"This decision marks the first time a commercial vessel at the end of its lifecycle will be dismantled in Brazil. This significant move not only paves the way for the development of a recycling industry in Brazil but also sets an important precedent for the shipping and oil and gas sectors, encouraging other ship owners to adopt similar strategies for capacity building."
Nicola Mulinaris - Senior Communication and Policy Advisor - NGO Shipbreaking Platform

Over the next five years, Petrobras is expected to retire at least 26 units, with a projected investment of US$ 9.8 billion allocated towards decommissioning activities. Just a few months ago, the oil and gas giant announced the adoption of a new policy mandating the recycling of vessels only in facilities equipped with dry-docks or impermeable surfaces with drainage systems. This off the beach stance places the company among an increasing number of responsible ship owners, including competitors SBM Offshore and Shell, that are choosing facilities with infrastructure enabling the safe and environmentally sound management of their end-of-life assets.

 

"After years of selling numerous old vessels for dirty and dangerous shipbreaking on the shores of South Asia, Petrobras has finally committed to environmental stewardship by unequivocally disavowing such practices. Moreover, their decision to opt for a domestic solution, leveraging the state-of-the-art infrastructure available in Brazil, showcases that it is possible to find alternative and better solutions to beaching."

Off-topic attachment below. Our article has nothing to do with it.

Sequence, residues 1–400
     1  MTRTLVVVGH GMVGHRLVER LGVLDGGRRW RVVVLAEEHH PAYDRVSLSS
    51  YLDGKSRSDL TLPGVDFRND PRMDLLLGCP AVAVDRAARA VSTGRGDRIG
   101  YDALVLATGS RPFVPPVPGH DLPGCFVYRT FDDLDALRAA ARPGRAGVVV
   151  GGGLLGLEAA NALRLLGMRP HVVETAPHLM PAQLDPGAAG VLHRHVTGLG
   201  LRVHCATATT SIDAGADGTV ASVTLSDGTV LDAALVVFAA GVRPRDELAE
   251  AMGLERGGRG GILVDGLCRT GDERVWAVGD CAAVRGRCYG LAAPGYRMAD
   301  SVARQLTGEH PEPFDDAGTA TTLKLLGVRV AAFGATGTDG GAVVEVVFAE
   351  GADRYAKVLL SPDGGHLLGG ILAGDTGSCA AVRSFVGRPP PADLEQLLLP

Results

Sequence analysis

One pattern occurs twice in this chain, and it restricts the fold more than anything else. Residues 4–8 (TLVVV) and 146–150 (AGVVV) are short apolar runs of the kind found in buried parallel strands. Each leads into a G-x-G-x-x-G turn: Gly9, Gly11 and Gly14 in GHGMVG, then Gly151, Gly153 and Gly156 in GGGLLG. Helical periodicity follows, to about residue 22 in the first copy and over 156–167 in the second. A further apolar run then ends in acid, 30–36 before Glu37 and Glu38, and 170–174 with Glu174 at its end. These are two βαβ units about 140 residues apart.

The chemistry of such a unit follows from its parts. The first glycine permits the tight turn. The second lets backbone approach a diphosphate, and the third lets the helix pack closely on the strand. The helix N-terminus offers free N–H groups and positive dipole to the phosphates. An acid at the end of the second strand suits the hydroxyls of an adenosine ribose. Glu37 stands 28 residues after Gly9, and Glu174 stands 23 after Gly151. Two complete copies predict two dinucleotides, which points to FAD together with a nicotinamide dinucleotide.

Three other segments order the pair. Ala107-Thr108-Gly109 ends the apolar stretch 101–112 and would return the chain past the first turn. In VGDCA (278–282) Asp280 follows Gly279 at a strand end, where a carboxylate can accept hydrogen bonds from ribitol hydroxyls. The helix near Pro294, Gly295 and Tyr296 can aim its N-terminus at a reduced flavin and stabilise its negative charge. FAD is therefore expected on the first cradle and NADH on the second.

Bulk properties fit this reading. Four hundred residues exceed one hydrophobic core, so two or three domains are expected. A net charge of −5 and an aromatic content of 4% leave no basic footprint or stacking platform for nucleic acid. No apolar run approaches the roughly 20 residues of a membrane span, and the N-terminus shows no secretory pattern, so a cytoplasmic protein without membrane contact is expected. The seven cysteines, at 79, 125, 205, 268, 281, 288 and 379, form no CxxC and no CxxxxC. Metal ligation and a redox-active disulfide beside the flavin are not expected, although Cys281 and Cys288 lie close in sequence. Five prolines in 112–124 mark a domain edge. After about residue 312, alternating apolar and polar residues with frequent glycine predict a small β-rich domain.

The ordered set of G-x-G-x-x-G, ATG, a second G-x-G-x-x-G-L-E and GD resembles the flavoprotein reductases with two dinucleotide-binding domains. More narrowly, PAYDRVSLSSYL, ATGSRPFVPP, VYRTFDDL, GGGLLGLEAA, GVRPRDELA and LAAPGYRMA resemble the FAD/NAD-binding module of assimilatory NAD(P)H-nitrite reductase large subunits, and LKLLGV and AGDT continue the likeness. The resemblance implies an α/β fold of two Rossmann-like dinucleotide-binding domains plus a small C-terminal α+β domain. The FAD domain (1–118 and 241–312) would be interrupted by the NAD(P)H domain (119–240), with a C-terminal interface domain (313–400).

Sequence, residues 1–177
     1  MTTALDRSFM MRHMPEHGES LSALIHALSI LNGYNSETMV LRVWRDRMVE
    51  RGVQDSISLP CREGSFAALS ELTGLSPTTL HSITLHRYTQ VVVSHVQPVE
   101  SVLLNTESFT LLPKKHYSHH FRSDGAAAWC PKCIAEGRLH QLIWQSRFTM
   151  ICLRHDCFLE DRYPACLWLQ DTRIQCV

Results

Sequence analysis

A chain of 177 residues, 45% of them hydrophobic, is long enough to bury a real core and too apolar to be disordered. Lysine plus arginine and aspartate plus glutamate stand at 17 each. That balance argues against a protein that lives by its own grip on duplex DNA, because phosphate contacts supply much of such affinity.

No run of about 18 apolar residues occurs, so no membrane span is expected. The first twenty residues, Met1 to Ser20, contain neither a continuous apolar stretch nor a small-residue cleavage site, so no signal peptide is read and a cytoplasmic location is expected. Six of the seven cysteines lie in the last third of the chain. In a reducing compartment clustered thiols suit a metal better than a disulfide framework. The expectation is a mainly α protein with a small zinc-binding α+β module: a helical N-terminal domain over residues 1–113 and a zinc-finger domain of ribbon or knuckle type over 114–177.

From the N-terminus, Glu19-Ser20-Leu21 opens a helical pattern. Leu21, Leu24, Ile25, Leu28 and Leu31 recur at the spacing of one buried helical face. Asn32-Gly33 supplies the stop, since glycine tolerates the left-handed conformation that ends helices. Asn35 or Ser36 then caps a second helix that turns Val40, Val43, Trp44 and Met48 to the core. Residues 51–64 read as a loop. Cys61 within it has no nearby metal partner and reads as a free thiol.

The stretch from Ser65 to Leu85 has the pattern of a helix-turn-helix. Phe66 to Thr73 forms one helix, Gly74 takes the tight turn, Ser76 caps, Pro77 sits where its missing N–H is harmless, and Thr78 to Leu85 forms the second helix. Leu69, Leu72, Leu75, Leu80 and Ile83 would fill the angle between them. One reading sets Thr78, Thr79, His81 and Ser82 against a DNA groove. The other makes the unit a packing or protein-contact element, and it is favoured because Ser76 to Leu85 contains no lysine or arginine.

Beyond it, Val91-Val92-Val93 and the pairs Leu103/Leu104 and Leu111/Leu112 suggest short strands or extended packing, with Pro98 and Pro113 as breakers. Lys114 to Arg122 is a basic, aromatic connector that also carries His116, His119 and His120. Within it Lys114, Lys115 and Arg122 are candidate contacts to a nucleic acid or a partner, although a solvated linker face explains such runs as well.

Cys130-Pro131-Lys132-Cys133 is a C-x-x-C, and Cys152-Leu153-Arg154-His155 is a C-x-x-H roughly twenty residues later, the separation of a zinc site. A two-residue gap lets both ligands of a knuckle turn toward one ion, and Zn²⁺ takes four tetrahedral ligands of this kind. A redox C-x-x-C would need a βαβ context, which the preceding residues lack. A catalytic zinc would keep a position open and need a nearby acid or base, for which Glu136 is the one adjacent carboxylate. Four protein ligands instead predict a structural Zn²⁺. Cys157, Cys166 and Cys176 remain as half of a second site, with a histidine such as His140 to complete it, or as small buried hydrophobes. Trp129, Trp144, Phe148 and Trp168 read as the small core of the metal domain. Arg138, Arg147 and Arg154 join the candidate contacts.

Nicola Mulinaris - Senior Communication and Policy Advisor - NGO Shipbreaking Platform

Press Release – NGOs call on the Netherlands to push for the safe and environmentally sound recycling of FSO Safer

As the operations for the removal of the oil on-board the decaying Floating Storage and Offloading (FSO) vessel SAFER are taking place off the coast of Yemen, the UNDP is looking for a destination for the FSO’s recycling. NGOs have urged the UNDP to find a solution that effectively addresses the inherent risks associated with the dismantling process and the management of the hazardous materials that will remain on-board. Now, they are calling on the Dutch government, one of the biggest donors to the Stop Red Sea Oil Pollution operation, to follow suit and assist UNDP in identifying a suitable recycling facility.  

 

The Netherlands has shown leadership in preventing the environmental disaster an oil spill from the FSO Safer would have caused, with also Dutch company Boskalis, via its subsidiary SMIT Salvage, tasked with the removal of the oil from the FSO. Referring to Dutch involvement in the Stop Red Sea Oil Pollution operation, Dutch Minister for Foreign Trade and Development Cooperation, Liesje Schreinemacher, announced that “The Netherlands will continue helping the UN to bring this to a good end.”